Jury deliberation on the criminal charges faced by media baron Conrad Black moved a step closer after the lawyers made final arguments in court.
Conrad Black's fate now rests with jury
The jury is expected to retire on Wednesday to consider its verdict on the fraud trial of Lord Black.
The former newspaper tycoon is accused of stealing $60m (£30m) from Hollinger International when he was in charge of the group, which he denies.
If convicted, he faces prison and steep financial penalties.
The lengthy trial has centred on whether the entrepreneur who built up a media empire from a single loss-making newspaper in Quebec profited at the expense of shareholders by illegally using "non-competition" payments.
Victim of success?
The payments came at a time when Hollinger, once owner of Britain's Daily Telegraph, the Chicago Sun-Times and the Jerusalem Post, was selling hundreds of newspapers in the US and Canada.
15 charges of fraud
one of obstruction of justice
one of racketeering
Federal prosecutors allege Lord Black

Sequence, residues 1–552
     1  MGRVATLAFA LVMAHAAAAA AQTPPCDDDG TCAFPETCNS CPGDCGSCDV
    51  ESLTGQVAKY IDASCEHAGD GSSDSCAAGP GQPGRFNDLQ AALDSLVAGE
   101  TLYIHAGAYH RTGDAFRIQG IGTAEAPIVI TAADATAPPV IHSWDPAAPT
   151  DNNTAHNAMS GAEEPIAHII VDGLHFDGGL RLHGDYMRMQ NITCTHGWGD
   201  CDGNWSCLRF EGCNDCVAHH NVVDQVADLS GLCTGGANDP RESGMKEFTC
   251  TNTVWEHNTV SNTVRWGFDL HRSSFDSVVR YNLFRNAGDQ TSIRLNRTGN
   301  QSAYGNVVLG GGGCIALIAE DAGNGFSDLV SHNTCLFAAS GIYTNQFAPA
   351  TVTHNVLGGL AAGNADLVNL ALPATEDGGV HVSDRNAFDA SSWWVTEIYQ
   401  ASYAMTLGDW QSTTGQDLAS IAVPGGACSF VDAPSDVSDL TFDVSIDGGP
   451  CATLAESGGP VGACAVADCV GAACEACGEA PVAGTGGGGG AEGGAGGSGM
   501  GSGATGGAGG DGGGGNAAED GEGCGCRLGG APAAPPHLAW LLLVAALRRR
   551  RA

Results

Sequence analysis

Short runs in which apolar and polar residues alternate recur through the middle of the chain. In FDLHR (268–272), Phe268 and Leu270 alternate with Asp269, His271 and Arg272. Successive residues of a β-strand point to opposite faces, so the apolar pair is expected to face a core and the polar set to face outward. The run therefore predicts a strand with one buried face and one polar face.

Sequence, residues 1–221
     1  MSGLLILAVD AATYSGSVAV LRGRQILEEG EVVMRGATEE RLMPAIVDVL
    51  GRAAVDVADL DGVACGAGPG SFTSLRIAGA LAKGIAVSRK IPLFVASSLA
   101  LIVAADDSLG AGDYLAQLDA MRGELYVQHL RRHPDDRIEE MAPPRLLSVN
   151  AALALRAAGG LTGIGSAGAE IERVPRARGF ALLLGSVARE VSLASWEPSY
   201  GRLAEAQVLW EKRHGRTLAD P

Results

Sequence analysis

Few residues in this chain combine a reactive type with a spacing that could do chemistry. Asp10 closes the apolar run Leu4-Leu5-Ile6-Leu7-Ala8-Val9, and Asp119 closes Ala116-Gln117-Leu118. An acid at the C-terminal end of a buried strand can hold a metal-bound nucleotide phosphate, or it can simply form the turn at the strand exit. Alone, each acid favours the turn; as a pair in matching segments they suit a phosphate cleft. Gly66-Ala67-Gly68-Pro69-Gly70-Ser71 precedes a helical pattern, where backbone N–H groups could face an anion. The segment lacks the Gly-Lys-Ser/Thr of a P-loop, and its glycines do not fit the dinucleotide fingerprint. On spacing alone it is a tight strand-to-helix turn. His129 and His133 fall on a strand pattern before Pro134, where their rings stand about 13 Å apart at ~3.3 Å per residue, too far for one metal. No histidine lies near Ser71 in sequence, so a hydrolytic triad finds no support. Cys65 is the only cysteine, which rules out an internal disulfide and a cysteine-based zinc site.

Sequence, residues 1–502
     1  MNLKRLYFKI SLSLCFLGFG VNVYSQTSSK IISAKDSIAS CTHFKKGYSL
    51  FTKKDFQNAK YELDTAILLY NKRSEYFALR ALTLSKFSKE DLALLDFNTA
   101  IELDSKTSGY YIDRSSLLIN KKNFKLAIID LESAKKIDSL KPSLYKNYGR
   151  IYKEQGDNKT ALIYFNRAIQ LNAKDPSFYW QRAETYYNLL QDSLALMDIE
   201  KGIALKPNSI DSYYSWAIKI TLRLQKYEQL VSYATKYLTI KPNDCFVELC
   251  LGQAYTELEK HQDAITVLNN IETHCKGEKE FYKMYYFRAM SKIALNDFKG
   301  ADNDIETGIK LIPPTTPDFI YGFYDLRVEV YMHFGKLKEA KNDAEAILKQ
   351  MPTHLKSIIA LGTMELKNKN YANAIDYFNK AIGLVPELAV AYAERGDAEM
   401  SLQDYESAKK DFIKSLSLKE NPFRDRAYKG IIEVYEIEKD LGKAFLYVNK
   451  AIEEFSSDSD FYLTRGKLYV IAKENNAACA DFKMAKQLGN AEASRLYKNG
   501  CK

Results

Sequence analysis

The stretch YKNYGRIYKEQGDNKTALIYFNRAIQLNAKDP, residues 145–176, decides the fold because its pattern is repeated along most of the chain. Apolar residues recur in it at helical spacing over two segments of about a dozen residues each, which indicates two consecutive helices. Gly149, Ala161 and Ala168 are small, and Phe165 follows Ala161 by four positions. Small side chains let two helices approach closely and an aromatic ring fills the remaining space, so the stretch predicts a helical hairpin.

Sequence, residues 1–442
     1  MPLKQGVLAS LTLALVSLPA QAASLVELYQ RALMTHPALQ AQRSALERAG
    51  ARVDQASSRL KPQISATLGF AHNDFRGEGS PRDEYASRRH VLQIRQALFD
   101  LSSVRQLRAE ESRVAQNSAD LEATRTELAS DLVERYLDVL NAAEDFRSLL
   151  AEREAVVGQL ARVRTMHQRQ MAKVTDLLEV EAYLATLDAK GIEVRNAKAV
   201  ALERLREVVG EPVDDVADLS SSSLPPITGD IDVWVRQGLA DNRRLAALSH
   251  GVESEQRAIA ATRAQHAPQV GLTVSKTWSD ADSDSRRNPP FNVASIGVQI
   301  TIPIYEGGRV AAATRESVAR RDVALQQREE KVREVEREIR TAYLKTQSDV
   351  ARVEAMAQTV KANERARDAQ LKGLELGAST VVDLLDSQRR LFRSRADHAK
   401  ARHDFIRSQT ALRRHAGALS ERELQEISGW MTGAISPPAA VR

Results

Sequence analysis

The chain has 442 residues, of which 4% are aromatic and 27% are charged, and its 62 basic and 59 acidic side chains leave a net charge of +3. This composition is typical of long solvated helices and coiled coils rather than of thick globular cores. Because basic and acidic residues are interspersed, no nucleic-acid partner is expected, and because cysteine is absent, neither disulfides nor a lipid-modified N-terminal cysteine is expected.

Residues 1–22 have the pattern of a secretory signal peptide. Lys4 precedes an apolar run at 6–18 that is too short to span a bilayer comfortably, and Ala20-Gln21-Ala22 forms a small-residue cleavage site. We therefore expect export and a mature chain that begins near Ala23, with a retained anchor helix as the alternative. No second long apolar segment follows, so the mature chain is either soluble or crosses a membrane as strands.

Fraudulently received non-compete fees from the sale of Hollinger International assets
Deprived the company of his honest services
Repeatedly benefited himself at the expense of the company and its public shareholders through the abuse of company perks
Other executives on trial
John Boultbee - former chief financial officer
Peter Atkinson - former general counsel
Mark Kipnis - former corporate counsel and secretary
These are designed to reimburse a company for not competing in a market it has exited.
But prosecutors have alleged that in Hollinger's case, the money was not requested by the newspaper buyers and was used by Lord Black to enrich himself and his co-defendants - former Hollinger International employees Jack Boultbee, Peter Atkinson and Mark Kipnis.
The Chicago court heard testimony from Lord Black's former business associate David Radler - a key prosecution witness - who claimed that Lord Black talked of plans to make "non-competition" payments to a Canadian company he closely controlled in phone calls between 1999 and 2000.
But these claims were not proved by backup documents argue defence lawyers, who have furiously rejected the prosecution's case.
They insist that Lord Black, a British peer, has been persecuted for his successful career and lavish lifestyle.
Mr Radler pleaded guilty to the scheme and agreed to co-operate with the authorities in return for a lenient jail term of 29 months.